Remember those FMV games from the ’90s — the ones that blended prerecorded clips with animated sprites and 3D models? Facebook is bringing them back in style, and improved tenfold. In a newly published preprint paper on Arxiv.org (“Vid2Game: Controllable Characters Extracted from Real-World Videos“), scientists at Facebook AI Research describe a system capable of extracting controllable characters from real-world videos.
“Our method extracts a character from an uncontrolled video and enables us to control its motion,” the paper’s coauthors explain. “The model generates novel image sequences of that person … [and the] generated video can have an arbitrary background, and effectively capture both the dynamics and appearance of the person.”
The team’s approach relies on two neural networks, or layers of mathematical functions modeled after biological neurons: Pose2Pose, a framework that maps a current pose and a single-instance control signal to the next post, and Pose2Frame, which plops the current pose and new pose (along with a given background) on an output frame. The reanimation can be controlled by any “low-dimensional” signal, such as one from a joystick or keyboard, and the researchers say that the system is robust enough to position extracted characters in dynamic backgrounds.
So how’s it work? First, an input video containing one or more characters is fed into a Pose2Pose network trained for a specific domain (e.g., dancing), which isolates them (plus estimated foreground spatial masks) and their motion — the latter of which is taken as a trajectory of their centers of mass. (The masks are used to determine which regions of the background are replaced by synthesized image information.) Using these and combined pose data, Pose2Frame separates between character-dependent changes in the scene like shadows, held items, and reflections and those that are character-independent, and returns a pair of outputs that are linearly blended with any desired background.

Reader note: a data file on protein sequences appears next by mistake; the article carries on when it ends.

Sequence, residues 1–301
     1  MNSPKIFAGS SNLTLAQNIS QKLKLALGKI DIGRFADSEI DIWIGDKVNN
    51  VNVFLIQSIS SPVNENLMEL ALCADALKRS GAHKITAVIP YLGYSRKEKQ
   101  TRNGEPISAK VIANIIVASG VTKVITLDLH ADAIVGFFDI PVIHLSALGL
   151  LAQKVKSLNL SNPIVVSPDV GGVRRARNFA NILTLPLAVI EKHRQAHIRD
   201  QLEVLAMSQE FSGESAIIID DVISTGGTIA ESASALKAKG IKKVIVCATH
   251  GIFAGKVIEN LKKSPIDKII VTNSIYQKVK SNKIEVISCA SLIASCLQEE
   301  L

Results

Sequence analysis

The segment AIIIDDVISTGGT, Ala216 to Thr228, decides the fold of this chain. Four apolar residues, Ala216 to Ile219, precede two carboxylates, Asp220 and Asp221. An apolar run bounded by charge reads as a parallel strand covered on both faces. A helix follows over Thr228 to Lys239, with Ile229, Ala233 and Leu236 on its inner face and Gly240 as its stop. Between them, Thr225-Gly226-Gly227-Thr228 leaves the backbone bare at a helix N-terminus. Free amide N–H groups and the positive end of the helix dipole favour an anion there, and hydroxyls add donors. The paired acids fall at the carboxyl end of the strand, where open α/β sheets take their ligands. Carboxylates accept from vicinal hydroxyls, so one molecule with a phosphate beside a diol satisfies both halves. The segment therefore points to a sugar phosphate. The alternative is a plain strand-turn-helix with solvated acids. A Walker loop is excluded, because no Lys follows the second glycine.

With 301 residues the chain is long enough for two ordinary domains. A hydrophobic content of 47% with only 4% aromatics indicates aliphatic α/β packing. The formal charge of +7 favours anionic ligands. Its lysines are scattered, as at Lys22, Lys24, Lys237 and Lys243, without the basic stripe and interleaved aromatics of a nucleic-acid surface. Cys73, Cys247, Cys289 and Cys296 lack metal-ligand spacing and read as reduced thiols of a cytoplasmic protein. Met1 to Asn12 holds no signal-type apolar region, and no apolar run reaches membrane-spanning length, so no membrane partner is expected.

To train the AI system, the researchers sourced three videos, each between five and eight minutes long, of a tennis player outdoors, a person swinging a sword indoors, and a person walking. Compared with a neural network model fed three-minute video of a dancer, they report that their approach managed to successfully field dynamic elements, such as other people and differences in camera angle, in addition to variations in character clothing and camera angle.
“Each network addresses a computational problem not previously fully met, together paving the way for the generation of video games with realistic graphics,” they wrote. “In addition, controllable characters extracted from YouTube-like videos can find their place in the virtual worlds and augmented realities.”
Facebook isn’t the only company investigating AI systems that might aid in game design. Startup Promethean AI employs machine learning to help human artists create art for video games, and Nvidia researchers recently demonstrated a generative model that can create virtual environments using video snippets. Machine learning has also been used to rescue old game textures in retro titles like Final Fantasy VII and The Legend of Zelda: Twilight Princess, and to generate thousands of levels in games like Doom from scratch.
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